• After being introduced through lecture on photography basics, the class will take a walking tour of campus and be required to take photographs of “hands, feet, and faces”. These images must illustrate various concepts such as rule of thirds, standard daylight exposure, back lighting, depth of field, panning etc. They must also reveal emotion.

Activity 3

  • For homework, students will continue working on their “hands, feet and faces” photo assignment. After the photos are developed or printed, each student will submit at least five images. In addition, they will mount their best photograph to a piece of black construction paper and will present it to the class.

Resources and Materials:

  • paper (black construction paper)
  • pencils/pens
  • camera

Writing the lead – Lesson Plan

Every news story begins with a lead, the most important part of the story.

A good lead to needs to catch the reader’s interest and make them want to read the rest of the story.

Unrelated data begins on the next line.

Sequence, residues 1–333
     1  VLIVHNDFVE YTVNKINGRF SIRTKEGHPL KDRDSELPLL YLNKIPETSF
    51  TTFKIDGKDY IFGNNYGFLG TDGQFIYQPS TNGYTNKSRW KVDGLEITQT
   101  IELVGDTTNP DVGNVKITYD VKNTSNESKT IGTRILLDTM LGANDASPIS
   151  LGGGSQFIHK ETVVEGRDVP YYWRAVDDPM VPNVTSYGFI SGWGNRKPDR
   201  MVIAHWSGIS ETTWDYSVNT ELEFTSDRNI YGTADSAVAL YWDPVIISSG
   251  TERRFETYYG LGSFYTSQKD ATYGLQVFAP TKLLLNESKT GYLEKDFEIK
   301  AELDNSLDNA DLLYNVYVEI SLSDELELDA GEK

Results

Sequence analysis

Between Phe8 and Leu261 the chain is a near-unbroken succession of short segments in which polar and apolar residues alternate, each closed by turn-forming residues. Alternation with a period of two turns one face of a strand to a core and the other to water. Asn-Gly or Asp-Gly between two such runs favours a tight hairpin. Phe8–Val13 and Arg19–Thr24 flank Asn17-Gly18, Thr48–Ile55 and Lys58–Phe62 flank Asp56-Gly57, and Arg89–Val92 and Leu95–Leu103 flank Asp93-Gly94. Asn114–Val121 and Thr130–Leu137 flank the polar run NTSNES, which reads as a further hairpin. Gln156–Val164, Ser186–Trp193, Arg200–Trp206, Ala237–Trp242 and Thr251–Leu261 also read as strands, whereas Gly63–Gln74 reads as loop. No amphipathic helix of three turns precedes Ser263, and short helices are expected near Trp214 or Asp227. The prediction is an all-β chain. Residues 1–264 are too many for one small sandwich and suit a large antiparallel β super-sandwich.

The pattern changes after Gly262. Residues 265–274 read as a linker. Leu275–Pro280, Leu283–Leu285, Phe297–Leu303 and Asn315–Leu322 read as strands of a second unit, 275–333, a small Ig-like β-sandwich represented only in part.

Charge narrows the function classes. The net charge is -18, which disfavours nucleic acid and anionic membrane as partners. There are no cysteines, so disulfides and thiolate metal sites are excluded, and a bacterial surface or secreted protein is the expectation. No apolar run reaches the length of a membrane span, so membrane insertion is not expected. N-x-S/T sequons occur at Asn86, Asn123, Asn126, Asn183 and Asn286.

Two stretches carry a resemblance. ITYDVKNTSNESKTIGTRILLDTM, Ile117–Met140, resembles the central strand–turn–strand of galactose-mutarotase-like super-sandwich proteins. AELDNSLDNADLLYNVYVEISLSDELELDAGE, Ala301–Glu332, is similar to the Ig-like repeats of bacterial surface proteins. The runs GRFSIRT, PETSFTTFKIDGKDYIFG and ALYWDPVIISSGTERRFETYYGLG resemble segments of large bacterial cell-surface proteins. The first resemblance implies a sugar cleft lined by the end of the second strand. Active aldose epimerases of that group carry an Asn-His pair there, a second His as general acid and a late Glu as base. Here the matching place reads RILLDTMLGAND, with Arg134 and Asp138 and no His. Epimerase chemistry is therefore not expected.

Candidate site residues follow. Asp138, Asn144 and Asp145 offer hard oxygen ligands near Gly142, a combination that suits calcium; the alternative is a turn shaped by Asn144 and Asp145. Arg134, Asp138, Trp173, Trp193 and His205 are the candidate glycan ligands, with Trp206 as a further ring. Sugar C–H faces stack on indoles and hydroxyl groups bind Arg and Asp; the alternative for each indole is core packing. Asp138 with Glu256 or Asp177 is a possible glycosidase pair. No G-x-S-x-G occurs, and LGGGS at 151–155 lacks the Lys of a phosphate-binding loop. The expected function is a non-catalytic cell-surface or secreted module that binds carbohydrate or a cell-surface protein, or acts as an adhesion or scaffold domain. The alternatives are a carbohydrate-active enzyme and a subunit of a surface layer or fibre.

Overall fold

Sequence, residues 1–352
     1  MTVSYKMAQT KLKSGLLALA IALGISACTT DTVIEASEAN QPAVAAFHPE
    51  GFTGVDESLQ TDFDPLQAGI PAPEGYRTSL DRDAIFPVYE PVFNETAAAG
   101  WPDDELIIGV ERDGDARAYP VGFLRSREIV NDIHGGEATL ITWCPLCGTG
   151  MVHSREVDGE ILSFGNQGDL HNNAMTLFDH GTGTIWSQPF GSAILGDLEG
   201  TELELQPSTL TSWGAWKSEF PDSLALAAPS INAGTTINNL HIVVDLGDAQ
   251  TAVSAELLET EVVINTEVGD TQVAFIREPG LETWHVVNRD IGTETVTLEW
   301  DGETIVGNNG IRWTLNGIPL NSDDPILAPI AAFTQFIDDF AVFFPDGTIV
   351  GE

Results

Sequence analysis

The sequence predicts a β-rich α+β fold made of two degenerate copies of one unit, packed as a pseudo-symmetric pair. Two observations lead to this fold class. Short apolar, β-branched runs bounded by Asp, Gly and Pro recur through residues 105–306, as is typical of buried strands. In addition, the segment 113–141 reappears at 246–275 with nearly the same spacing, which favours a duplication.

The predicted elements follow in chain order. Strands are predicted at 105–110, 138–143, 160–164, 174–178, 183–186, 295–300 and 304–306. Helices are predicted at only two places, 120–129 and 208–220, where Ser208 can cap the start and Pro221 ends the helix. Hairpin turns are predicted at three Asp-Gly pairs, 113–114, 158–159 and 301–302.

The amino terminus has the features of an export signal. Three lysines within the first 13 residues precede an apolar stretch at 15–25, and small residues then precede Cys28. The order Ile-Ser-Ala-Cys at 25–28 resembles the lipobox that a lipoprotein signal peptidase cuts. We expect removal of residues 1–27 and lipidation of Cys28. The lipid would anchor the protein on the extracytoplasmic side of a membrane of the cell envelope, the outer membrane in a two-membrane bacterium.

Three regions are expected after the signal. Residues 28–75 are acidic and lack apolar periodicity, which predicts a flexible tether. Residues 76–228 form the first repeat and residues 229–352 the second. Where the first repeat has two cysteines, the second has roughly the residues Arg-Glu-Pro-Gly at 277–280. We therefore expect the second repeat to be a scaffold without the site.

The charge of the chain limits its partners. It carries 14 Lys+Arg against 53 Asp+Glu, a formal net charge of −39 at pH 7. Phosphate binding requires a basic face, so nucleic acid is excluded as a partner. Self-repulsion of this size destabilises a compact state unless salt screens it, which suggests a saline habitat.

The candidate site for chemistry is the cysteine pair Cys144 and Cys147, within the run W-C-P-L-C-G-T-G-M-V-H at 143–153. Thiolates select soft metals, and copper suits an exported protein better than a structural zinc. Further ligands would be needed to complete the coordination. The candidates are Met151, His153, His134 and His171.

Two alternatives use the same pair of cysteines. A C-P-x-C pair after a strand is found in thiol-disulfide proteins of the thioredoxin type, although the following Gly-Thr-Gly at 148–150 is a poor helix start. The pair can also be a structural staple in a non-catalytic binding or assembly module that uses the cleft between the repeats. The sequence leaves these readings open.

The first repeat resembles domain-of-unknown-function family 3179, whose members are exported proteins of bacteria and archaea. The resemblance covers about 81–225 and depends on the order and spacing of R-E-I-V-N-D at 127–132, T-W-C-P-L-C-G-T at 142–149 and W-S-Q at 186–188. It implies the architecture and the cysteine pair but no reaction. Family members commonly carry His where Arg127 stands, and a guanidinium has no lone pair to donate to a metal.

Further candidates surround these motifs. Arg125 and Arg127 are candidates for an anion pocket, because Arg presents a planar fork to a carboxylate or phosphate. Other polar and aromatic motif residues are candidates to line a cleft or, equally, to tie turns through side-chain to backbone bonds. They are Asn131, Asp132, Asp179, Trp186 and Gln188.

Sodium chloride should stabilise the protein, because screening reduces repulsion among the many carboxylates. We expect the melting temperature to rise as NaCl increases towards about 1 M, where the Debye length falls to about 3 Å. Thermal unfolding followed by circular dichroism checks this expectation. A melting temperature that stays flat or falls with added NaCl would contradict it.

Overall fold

Less is often better as it helps you get your point across quickly.

Think Twitter’s 140 character limit.

Social media can help you become a better writer.

Lesson Plan: Lead Writing

Objective

  • Student will learn to write effective leads using 140 characters or less.

Activity 1

  • Students will identify the lead sentence of three stories taken from a newspaper article. Students will explain why a particular sentence was chosen as the first sentence, why it is important, and what makes it interesting.

Activity 2

  • Students will write at least 10 questions (no yes-no questions) and spend 15-20 minutes interviewing a fellow classmate. Their assignment is to gather information that will be used in a future assignment to write a short bio about their classmate.

Activity 3

  • After completing the interview, students will think about how they want to begin their story. Students will identify the most important and/or most interesting piece of information. Students will write a short sentence (140 characters or less) using the 5Ws and H to write an informative and interesting lead.

Assessment

  • Students will be given three short articles and will identify the strongest and weakest lead and explain why it is strong or weak. In addition, they will explain what catches their attention when they pick up a newspaper, what makes them want to read a story, what makes a story interesting, and what can cause readers to lose interest in a story.

Materials

  • Paper
  • Pens or pencils
  • Newspapers